Diabetes and Oxidative Stress

by Michael Martinez
(Manhatan USA)

Author

Author



Most scientists and doctors agree that oxidative stress is extremely important in determining the root cause of diabetes. The theory is quite complicated, with references to biochemistry. Envision a “free radical”, which is an atom or molecule with an unpaired electron in its outer ring. This atom or molecule desperately wants to find another electron to reach a state of equilibrium. As such, this “free radical” will quickly grab an electron from the nearest molecule for diabetes cures. Of course, this converts the other molecule into a “free radical”, needing to find another electron. And so on down the line it goes, a never-ending cycle occurring over and over again.

Scientists call this cycle the “chain reaction of free radicals”. The most dangerous aspect of these rogue free radicals is the damage they wreak on DNA and the cell membrane. Think of their activity as cells running amuck, destroying everything in their path.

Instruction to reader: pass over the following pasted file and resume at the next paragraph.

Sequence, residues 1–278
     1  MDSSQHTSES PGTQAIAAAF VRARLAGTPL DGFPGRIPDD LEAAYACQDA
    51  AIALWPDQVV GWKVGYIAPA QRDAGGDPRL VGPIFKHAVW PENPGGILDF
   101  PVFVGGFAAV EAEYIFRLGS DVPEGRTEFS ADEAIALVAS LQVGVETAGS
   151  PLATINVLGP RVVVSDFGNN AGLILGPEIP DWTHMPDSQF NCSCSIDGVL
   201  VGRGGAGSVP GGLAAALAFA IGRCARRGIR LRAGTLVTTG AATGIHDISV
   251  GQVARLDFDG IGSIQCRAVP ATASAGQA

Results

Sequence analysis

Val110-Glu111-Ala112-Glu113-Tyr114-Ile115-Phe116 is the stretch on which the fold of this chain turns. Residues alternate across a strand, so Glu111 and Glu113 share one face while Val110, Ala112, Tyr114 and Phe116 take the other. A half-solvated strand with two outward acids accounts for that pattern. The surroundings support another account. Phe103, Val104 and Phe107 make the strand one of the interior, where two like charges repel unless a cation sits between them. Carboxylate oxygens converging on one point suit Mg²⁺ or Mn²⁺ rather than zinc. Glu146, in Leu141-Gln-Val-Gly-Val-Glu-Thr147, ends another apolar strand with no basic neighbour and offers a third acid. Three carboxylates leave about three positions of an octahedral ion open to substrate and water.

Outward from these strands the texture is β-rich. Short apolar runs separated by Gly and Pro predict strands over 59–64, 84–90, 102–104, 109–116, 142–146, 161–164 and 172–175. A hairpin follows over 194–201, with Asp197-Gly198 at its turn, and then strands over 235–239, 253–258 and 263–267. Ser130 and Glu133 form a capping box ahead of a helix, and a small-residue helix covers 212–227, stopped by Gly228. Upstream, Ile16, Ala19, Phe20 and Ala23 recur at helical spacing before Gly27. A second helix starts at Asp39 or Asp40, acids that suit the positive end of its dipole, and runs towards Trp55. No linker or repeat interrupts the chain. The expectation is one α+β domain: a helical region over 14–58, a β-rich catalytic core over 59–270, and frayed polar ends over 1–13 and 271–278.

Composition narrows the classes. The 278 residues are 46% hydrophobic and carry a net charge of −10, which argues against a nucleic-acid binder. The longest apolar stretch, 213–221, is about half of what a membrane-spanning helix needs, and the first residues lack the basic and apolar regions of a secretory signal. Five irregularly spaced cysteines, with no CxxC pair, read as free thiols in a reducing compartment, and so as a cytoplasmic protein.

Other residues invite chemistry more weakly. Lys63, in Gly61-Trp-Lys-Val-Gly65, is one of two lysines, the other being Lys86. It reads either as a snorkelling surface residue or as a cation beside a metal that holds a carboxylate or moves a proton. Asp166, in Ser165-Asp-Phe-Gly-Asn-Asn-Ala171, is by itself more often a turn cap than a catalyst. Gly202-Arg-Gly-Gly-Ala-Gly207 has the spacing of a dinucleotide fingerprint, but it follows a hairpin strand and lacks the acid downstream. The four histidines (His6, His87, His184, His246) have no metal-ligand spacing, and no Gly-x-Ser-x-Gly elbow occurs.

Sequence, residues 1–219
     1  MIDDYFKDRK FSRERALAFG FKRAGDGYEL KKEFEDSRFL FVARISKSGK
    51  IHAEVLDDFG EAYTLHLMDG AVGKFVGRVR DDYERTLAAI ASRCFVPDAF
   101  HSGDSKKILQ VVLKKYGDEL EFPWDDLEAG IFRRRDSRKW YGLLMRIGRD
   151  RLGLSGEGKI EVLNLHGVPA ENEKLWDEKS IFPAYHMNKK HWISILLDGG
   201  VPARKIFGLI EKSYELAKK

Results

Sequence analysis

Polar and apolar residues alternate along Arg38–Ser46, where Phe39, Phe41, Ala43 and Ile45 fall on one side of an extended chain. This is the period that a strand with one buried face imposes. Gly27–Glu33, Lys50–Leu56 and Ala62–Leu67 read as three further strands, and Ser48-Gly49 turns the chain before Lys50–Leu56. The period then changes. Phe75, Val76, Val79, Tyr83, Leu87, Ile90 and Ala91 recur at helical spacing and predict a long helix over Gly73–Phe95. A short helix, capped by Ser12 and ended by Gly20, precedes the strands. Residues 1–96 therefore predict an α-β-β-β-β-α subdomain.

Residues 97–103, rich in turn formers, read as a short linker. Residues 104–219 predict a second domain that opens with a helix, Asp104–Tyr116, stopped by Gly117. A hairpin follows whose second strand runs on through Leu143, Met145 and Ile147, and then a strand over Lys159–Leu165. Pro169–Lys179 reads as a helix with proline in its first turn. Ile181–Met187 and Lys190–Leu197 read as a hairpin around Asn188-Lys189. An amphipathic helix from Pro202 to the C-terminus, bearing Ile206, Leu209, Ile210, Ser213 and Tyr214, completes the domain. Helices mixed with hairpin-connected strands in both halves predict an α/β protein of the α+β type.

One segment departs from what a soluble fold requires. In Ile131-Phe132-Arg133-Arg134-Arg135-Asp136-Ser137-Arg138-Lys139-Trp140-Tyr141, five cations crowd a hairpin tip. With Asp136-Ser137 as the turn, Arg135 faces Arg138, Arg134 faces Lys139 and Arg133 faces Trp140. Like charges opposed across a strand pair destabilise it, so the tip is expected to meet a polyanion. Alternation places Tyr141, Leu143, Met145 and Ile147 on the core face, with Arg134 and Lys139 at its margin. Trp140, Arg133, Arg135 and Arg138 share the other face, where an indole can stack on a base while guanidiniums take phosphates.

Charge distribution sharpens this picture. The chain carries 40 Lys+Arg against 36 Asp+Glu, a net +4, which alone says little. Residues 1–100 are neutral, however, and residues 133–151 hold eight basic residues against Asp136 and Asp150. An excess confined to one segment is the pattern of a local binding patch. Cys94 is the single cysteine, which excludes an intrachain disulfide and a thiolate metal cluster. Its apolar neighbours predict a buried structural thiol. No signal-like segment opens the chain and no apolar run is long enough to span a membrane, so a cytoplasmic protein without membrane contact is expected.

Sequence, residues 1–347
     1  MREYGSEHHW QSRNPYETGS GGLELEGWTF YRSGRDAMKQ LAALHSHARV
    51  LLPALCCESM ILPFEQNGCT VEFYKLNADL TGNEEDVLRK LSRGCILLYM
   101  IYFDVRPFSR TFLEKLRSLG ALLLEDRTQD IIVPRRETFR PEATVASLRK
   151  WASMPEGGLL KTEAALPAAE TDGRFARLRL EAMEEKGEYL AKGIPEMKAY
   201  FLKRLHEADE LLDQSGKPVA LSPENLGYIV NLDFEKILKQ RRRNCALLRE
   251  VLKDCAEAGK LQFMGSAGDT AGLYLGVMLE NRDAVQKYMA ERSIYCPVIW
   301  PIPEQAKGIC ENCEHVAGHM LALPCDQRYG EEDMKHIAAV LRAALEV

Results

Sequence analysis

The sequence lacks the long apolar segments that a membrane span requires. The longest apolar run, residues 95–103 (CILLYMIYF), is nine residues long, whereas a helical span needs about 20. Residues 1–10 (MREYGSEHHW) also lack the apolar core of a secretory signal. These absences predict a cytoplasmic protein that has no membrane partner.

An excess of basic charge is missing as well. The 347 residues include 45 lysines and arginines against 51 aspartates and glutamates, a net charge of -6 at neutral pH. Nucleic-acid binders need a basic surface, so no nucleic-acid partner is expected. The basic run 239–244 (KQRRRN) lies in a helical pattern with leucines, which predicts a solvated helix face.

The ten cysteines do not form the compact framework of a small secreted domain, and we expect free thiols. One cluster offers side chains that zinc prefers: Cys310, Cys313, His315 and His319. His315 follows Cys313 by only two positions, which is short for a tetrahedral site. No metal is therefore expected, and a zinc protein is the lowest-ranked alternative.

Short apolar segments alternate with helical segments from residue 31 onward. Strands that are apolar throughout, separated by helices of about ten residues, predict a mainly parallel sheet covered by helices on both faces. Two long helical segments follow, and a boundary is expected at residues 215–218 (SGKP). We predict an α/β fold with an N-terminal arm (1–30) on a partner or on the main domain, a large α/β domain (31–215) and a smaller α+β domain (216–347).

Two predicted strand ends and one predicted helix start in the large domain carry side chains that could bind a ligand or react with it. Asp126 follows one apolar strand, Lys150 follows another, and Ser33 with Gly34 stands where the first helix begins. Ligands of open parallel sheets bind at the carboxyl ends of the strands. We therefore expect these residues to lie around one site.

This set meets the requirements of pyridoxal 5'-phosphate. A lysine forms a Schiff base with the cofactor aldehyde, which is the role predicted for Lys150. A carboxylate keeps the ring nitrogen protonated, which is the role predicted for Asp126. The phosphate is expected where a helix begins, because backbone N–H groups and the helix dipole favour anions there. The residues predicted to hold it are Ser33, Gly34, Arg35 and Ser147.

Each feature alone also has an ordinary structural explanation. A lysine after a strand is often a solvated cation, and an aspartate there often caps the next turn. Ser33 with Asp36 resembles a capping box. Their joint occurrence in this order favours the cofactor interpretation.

The body’s natural defense against free radicals is a system of antioxidants. These are molecules that aren’t affected by free radicals, and can thus sever the chain reaction prior to serious damage occurring. The most important antioxidants are the following:

Alpha lipoic acid, Vitamin E, Vitamin C, glutathione, and CoQ10.

These free radicals affect the various types of diabetes in different ways:

1.
Type 1 diabetes: Free radicals damage the important beta cells located in the pancreas, affecting their ability to produce insulin.

2.
Type 2 diabetes: Free radicals damage cell membranes, which leads to a breakdown in signaling between cells.

Furthermore, free radicals deplete the body of its store of antioxidants, adding to the problem.

All of this explains why lowering oxidative stress is so crucial. This is done by eating a more healthy diet, increasing the exercise regimen, and making sure to take a full line of antioxidant supplements.
There’s still much research to be done into the causes of diabetes. We do know, however, that the body can start to malfunction 5 to 7 years before the diagnosis of diabetes. This explains why somewhere in the range of 40% of people who have diabetes remain undiagnosed.

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